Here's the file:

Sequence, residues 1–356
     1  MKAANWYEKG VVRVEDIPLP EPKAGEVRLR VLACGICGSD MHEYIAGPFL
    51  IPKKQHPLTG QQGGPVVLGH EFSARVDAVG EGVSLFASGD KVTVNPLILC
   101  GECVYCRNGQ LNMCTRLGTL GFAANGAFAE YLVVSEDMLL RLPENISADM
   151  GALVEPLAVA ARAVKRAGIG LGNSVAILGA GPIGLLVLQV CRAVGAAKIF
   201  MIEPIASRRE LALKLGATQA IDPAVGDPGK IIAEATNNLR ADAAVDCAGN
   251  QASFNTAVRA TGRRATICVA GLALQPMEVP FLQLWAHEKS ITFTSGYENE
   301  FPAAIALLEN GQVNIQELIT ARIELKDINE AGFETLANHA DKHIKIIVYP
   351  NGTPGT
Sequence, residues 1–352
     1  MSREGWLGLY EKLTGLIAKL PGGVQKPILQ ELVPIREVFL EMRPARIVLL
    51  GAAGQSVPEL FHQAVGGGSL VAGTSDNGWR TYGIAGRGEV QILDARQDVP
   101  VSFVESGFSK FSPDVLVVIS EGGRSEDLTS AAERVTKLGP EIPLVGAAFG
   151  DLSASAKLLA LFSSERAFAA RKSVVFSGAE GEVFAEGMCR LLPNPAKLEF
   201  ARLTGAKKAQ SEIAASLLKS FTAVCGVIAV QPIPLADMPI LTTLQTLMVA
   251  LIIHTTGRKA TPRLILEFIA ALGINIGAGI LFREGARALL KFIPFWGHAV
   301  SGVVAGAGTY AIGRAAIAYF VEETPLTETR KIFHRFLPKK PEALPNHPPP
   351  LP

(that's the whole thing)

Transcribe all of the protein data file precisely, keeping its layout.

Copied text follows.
Sequence, residues 1–356
     1  MKAANWYEKG VVRVEDIPLP EPKAGEVRLR VLACGICGSD MHEYIAGPFL
    51  IPKKQHPLTG QQGGPVVLGH EFSARVDAVG EGVSLFASGD KVTVNPLILC
   101  GECVYCRNGQ LNMCTRLGTL GFAANGAFAE YLVVSEDMLL RLPENISADM
   151  GALVEPLAVA ARAVKRAGIG LGNSVAILGA GPIGLLVLQV CRAVGAAKIF
   201  MIEPIASRRE LALKLGATQA IDPAVGDPGK IIAEATNNLR ADAAVDCAGN
   251  QASFNTAVRA TGRRATICVA GLALQPMEVP FLQLWAHEKS ITFTSGYENE
   301  FPAAIALLEN GQVNIQELIT ARIELKDINE AGFETLANHA DKHIKIIVYP
   351  NGTPGT
Sequence, residues 1–352
     1  MSREGWLGLY EKLTGLIAKL PGGVQKPILQ ELVPIREVFL EMRPARIVLL
    51  GAAGQSVPEL FHQAVGGGSL VAGTSDNGWR TYGIAGRGEV QILDARQDVP
   101  VSFVESGFSK FSPDVLVVIS EGGRSEDLTS AAERVTKLGP EIPLVGAAFG
   151  DLSASAKLLA LFSSERAFAA RKSVVFSGAE GEVFAEGMCR LLPNPAKLEF
   201  ARLTGAKKAQ SEIAASLLKS FTAVCGVIAV QPIPLADMPI LTTLQTLMVA
   251  LIIHTTGRKA TPRLILEFIA ALGINIGAGI LFREGARALL KFIPFWGHAV
   301  SGVVAGAGTY AIGRAAIAYF VEETPLTETR KIFHRFLPKK PEALPNHPPP
   351  LP